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Not actively, but I read Macbeth for school this previous year.
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Read the following passage:
LADY MACBETH. Glamis thou art, and Cawdor; and shalt be
What thou art promised. Yet do I fear thy nature;
It is too full o' th' milk of human kindness
To catch the nearest way: thou wouldst be great,
Art not without ambition, but without
The illness should attend it. What thou wouldst highly,
That wouldst thou holily; wouldst not play false,
And yet wouldst wrongly win. Thou'ld'st have, great Glamis,
That which cries, "Thus thou must do," if thou have it,
And that which rather thou dost fear to do,
Than wishest should be undone. Hie thee hither,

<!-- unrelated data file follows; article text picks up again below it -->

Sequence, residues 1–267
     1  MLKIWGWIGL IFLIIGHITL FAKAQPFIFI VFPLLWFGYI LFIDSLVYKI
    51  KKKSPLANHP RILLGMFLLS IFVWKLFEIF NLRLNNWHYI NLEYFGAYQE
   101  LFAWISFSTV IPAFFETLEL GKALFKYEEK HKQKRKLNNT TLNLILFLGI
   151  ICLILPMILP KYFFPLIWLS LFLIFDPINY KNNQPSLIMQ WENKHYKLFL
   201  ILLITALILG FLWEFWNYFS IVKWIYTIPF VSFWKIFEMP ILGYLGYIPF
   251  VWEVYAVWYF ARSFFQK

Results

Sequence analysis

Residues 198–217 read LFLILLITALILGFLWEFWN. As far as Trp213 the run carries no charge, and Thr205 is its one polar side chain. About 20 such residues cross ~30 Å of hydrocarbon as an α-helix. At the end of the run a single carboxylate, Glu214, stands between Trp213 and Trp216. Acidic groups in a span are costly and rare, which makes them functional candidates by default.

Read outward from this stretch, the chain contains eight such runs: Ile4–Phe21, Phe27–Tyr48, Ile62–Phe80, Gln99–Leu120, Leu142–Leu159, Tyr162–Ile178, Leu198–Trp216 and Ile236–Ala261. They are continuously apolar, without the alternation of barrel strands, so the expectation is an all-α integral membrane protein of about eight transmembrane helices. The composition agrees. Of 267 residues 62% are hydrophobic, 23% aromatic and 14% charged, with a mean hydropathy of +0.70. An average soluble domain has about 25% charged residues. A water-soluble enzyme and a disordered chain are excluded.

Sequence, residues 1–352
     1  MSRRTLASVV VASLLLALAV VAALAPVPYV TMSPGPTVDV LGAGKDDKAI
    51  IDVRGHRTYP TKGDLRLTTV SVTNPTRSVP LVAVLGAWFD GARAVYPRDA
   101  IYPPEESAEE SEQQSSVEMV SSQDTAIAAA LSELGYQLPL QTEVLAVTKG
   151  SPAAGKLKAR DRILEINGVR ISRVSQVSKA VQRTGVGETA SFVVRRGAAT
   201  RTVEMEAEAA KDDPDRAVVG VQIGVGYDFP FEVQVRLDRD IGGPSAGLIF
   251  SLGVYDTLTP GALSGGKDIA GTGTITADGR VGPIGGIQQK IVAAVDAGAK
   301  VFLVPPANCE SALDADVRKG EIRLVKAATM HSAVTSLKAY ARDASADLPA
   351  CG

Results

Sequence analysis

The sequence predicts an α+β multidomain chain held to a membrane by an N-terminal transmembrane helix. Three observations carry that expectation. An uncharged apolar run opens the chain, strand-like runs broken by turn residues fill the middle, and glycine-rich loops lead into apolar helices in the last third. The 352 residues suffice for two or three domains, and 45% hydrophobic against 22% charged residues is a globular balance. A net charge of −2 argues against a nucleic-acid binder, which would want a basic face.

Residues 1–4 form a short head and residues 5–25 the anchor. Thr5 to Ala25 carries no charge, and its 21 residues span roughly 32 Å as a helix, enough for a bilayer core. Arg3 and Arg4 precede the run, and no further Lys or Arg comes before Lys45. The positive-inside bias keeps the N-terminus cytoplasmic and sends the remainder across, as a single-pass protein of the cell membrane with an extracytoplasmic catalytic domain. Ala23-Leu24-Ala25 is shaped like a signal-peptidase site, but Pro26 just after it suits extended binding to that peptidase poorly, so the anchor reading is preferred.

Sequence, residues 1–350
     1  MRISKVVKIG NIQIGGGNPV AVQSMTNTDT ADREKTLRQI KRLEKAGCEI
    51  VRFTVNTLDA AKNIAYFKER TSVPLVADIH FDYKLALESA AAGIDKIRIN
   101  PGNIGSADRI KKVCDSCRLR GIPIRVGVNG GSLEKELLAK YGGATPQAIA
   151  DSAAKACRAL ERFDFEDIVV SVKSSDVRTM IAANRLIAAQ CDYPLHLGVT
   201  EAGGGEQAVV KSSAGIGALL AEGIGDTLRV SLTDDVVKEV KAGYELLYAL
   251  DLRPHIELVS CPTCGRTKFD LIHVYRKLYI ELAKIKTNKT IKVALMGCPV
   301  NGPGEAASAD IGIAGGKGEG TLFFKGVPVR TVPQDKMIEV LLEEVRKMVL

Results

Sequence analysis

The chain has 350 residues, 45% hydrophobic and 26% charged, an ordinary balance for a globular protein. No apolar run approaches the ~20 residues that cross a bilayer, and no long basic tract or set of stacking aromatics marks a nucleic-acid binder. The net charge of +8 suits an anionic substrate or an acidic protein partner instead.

That I may pour my spirits in thine ear
And chastise with the valor of my tongue
All that impedes thee from the golden round,
Which fate and metaphysical aid doth seem
To have thee crowned withal.
William Shakespeare, Macbeth, Act I, scene v
What evidence from the text supports your answer to the previous question?
A. "Art not without ambition, but without / The illness should attend it."
B. "Hie thee hither, / That I may pour my spirits in thine ear"
C. "Which fate and metaphysical aid doth seem / To have thee crowned withal."
D. "Glamis thou art, and Cawdor; and shalt be / What thou art promised."